Before we start talking about how we can reduce and eliminate moiré [mwah-rey], let's first make sure you know what it is and what kinds of
The only thing common about all kinds of moire is the fact that it's a wavy pattern that looks as if it should not be where it is. It occurs due to the interference of fine patterns – be it pixels of a camera sensor or garments material. I'm not going to bore you with theoretical information, let's just keep it short and meaningful.
Sometimes, when a camera takes pictures, it can produce a weird-looking wavy pattern. These patterns do not appear randomly. When you see moire on the images, you can be sure that there's some fine pattern present. And when this fine pattern on your item meets with the fine pixel pattern on the camera sensor, a third pattern appears. This is called the moire effect, and it's a pain to remove it from images during retouching. But that's not all there's to it. There are a few reasons why moire can appear, and there are also a few ways how to eliminate it. The deal is that all the moire removal methods are useful only on particular kinds of moire. If you don't understand what's going on, you might waste a lot of time and effort.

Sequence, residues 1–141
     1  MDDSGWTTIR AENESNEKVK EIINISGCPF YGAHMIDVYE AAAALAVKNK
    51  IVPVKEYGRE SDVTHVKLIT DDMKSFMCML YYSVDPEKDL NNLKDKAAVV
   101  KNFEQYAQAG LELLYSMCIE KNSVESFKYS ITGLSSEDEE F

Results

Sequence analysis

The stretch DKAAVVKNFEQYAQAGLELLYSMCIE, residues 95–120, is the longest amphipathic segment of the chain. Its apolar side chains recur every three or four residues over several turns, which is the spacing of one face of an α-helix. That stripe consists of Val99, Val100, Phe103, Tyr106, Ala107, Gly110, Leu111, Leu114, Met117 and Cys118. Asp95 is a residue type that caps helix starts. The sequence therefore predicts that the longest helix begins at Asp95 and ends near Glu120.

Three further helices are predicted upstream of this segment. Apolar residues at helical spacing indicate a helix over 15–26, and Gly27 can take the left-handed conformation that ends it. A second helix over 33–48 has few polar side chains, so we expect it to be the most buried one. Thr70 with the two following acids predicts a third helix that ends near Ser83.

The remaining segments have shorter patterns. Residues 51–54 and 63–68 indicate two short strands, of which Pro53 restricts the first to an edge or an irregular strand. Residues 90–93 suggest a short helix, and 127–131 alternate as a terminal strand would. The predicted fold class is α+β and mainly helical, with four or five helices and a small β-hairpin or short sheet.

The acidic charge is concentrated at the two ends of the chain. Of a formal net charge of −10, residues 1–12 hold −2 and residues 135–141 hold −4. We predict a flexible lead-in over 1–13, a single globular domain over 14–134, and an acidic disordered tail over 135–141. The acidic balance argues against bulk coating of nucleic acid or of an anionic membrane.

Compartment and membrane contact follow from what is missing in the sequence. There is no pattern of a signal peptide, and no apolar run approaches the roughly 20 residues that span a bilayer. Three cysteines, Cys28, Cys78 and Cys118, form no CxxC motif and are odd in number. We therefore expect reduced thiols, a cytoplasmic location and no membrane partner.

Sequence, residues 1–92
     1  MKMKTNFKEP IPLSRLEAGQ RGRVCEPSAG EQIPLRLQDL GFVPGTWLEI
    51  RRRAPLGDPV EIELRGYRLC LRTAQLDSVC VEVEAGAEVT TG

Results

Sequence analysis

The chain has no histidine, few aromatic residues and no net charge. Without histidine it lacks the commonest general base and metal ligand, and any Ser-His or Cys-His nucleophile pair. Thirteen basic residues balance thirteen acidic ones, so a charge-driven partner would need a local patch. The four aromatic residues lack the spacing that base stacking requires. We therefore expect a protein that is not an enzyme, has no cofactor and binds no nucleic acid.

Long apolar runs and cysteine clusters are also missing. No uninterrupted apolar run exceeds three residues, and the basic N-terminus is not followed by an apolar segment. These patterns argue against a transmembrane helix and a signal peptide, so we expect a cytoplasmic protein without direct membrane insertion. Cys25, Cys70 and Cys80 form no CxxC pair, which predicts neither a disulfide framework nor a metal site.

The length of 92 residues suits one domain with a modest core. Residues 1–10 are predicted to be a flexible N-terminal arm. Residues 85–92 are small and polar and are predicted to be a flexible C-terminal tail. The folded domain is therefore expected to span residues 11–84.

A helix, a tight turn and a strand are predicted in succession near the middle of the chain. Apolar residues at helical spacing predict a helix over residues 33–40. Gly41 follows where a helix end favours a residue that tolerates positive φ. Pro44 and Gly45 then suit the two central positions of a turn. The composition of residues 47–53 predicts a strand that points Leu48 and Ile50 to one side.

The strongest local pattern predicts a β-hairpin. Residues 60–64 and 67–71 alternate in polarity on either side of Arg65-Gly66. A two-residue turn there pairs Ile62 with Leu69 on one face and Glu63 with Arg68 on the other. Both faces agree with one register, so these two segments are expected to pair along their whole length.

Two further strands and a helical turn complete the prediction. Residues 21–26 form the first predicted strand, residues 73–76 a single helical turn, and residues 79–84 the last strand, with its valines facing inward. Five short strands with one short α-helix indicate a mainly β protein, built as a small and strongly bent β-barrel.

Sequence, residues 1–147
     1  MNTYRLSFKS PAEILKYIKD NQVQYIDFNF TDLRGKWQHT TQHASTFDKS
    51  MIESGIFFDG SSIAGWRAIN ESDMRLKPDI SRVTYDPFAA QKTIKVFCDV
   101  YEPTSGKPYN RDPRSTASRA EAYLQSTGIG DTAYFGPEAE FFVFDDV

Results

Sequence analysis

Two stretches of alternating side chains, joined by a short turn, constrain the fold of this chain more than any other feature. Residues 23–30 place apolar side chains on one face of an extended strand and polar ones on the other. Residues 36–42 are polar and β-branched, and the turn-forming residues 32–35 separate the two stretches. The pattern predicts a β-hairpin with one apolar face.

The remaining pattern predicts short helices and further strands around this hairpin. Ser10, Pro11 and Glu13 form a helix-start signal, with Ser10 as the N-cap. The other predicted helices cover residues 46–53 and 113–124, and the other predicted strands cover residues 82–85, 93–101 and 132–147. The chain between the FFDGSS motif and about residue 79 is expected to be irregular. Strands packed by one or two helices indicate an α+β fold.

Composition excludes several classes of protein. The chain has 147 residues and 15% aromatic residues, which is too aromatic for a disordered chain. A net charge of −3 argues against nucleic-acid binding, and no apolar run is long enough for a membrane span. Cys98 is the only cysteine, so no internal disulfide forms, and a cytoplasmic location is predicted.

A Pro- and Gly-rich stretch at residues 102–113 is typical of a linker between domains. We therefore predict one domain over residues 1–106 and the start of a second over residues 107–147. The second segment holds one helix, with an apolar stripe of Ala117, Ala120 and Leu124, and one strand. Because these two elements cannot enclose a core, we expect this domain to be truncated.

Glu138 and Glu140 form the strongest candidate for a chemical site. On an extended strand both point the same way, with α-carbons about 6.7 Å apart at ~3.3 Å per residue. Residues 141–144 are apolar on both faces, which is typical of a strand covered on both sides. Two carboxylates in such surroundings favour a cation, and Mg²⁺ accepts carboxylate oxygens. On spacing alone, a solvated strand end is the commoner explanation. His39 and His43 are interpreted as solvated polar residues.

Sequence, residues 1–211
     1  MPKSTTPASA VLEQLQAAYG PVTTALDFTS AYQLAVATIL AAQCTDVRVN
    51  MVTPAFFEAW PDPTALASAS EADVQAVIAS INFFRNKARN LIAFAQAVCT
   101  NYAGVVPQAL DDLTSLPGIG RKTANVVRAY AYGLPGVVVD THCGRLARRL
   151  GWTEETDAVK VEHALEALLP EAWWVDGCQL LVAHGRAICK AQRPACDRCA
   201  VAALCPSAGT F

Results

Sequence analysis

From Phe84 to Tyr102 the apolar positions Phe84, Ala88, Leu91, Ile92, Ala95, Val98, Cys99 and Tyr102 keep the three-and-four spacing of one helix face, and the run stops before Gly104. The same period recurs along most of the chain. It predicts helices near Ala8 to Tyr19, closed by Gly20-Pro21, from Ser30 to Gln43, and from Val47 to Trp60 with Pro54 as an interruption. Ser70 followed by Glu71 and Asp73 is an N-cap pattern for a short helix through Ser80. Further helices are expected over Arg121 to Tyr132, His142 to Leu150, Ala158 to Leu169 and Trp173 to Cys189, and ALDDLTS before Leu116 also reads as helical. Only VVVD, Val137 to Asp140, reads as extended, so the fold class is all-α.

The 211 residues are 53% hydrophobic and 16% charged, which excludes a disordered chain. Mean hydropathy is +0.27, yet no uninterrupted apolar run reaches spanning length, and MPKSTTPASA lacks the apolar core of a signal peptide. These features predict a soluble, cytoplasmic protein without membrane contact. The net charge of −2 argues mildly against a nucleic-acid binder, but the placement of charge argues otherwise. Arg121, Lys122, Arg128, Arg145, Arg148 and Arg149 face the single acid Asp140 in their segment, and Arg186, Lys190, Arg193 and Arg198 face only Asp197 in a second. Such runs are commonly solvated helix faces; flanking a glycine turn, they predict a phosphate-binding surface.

It's not like there's a book where all kinds of moire are listed. I just used whatever names I could think of while trying to reflect the nature of moire. So don't be surprised if you can't google “true moire” or “interpolation moire”. But I hope that after you finish this chapter, you won't need googling, as I tried to make it as full and comprehensive as I could. Pay attention to the fact that I haven't invented any of the methods I will be explaining, and I will try to mention their authors whenever I can pinpoint them.